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Commuters using the RapidKL LRT service during the first day of the 14-day Movement Control Order (MCO), in Kuala Lumpur. -NSTP/HAIRUL ANUAR RAHIM
Commuters using the RapidKL LRT service during the first day of the 14-day Movement Control Order (MCO), in Kuala Lumpur. -NSTP/HAIRUL ANUAR RAHIM

KUALA LUMPUR: Business owners and companies are not allowed to cut the annual leave, days off or wages of their employees during the 14-day Movement Control Order (MCO).

Malaysian Trades Union Congress (MTUC) secretary-general J. Solomon said companies not listed as essential services were also not allowed to force their staff to work.

Employers, he added, must be responsible and make work-from-home arrangements or halt operations from March 18 to 31.

“We have received complaints that there are irresponsible and errant employers who disregarded the MCO and continued businesses as usual, deducting employees’ salaries, annual leave and days off.

“There is no provision in the law that employers can cut annual leave, days off or wages for these 14 days in such a crisis.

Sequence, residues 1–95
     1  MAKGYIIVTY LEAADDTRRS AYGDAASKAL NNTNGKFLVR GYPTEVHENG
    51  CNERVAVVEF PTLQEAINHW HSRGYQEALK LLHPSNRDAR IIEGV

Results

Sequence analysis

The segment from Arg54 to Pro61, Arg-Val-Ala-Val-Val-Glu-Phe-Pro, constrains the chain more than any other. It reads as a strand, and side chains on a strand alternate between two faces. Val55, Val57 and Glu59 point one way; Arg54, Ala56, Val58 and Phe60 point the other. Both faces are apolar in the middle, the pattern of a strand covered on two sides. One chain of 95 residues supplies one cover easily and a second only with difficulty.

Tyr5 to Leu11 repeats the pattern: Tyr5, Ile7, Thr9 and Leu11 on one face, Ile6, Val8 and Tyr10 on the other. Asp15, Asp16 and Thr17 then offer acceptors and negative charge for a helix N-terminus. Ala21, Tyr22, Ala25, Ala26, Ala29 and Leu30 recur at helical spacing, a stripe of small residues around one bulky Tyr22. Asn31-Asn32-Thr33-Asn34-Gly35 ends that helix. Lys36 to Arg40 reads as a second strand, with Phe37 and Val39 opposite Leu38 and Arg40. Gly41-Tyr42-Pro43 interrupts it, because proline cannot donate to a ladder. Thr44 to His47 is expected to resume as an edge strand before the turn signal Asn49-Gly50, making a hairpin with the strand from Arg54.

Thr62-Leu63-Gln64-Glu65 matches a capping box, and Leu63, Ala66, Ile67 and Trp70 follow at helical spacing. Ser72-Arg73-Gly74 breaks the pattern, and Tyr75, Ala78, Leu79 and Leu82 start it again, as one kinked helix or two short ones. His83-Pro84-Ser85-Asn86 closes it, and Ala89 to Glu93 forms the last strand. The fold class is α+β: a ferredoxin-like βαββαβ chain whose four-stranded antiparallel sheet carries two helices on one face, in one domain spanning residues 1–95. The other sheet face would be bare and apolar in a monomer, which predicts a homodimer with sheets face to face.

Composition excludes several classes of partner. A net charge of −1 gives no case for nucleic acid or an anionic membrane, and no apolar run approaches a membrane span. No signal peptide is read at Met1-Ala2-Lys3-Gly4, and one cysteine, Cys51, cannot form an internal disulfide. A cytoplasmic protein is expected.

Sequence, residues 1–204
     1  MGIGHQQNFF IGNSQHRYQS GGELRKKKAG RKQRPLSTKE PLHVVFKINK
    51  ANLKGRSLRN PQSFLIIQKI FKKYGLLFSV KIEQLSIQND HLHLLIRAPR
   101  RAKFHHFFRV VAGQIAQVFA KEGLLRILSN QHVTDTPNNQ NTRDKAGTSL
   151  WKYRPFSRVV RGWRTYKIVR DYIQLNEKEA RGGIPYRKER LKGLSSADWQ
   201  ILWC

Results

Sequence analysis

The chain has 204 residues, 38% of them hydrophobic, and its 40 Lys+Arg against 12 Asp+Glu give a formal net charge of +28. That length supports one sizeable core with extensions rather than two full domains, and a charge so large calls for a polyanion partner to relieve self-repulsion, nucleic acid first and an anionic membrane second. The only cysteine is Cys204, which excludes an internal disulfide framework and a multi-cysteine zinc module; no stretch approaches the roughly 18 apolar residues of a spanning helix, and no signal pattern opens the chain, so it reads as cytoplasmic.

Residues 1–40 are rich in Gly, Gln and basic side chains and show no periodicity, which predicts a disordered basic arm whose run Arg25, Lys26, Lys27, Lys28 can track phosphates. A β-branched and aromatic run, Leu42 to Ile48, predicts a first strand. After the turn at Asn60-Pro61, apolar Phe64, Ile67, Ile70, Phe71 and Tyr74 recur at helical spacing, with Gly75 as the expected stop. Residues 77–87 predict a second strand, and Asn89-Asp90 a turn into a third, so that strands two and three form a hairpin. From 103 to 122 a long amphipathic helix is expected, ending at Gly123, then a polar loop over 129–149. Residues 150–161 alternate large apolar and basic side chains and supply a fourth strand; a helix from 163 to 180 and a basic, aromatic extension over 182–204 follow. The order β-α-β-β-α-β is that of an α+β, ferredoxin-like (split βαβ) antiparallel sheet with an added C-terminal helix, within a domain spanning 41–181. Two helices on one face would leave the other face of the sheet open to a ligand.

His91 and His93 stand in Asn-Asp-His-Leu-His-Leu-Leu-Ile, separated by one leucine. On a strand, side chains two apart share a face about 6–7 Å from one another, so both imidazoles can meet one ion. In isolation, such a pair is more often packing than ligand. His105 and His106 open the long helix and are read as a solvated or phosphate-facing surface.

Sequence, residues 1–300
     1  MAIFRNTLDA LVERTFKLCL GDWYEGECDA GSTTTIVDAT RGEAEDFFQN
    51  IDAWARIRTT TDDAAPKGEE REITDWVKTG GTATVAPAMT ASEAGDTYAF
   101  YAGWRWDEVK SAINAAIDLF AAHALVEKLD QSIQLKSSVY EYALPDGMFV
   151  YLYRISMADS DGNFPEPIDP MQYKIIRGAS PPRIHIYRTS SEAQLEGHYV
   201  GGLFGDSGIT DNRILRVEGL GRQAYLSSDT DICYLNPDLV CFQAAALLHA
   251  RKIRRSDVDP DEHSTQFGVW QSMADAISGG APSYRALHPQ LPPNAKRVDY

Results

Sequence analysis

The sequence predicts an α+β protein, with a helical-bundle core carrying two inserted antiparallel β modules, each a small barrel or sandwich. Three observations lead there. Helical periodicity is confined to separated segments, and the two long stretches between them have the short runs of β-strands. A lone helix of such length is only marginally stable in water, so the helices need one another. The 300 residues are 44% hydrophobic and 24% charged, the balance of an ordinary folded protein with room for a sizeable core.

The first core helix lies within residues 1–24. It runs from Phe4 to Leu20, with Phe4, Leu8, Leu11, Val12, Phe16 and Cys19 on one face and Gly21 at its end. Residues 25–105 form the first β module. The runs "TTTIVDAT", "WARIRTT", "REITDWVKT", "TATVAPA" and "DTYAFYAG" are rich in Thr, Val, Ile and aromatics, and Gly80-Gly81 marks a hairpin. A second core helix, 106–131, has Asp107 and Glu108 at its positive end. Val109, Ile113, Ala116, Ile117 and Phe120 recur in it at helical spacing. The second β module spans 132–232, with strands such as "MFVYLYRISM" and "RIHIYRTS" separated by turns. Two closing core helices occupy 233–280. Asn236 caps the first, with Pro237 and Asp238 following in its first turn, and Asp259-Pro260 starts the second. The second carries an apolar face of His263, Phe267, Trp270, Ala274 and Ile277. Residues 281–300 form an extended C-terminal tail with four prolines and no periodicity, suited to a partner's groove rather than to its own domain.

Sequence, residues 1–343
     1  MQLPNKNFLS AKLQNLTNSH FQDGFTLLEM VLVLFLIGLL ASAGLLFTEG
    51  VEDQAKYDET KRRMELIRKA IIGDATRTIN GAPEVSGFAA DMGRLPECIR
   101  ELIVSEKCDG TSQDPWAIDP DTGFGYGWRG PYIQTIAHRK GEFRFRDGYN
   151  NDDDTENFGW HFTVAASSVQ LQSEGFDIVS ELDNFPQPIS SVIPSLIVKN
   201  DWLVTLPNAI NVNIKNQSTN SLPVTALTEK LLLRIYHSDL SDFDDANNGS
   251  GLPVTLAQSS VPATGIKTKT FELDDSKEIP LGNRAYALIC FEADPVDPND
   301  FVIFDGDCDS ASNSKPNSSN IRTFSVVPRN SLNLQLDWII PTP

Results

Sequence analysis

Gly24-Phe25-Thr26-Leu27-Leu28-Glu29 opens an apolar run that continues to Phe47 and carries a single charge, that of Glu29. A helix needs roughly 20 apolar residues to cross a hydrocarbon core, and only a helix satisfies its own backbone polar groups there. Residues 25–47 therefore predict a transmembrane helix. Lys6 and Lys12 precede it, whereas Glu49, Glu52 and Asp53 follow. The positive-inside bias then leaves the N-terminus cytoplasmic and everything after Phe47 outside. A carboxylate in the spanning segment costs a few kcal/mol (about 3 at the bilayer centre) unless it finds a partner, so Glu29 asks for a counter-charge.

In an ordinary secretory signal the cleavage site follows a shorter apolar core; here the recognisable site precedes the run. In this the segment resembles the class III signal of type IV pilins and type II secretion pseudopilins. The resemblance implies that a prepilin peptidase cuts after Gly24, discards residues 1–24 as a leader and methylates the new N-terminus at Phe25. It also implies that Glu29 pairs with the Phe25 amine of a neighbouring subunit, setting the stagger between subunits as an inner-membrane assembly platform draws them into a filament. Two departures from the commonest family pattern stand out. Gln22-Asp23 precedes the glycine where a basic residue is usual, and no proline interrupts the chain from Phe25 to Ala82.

“Hence, employers cannot attempt to invoke such a right by misreading the law to take advantage of the situation and shortchange workers,” he told the New Straits Times yesterday.

Solomon said any attempt to do so could be deemed as an act of “sabotage” of the government’s initiative to contain Covid-19.

MTUC, he said, had set up a helpline email so that workers could report their grouses.

“MTUC will provide advice and assistance through [email protected].

“We will report directly to the police and the Human Resources Ministry irresponsible and errant employers, and they will be labelled as ‘traitors’ to the people and the nation.”

Solomon added that those who did not comply with the MCO could face prosecution under the Prevention and Control of Infectious Diseases Act 1988 and the Police Act 1967.

“It is a moral obligation for private sector employers who are not listed as essential services to close to help the government contain the spread of the virus.”

The Malaysian Employers Federation had urged companies and non-essential businesses to respect the MCO.

Its executive director, Datuk Shamsuddin Bardan, said employers not listed as essential services were taking a big risk if they continued to operate.

“They can be charged and, if found guilty, can face imprisonment, fine or both. So by operating, you are taking a big risk and putting your staff at risk, too.”

He said employers who were doubtful of their status as an essential service could check with the authorities.

“If you are a manufacturer, you can check with the International Trade and Industry Ministry, or if you are in doubt, don’t operate.

“We need to understand why the MCO was issued, which was to break the chain of the Covid-19 spread.”

Covid-19

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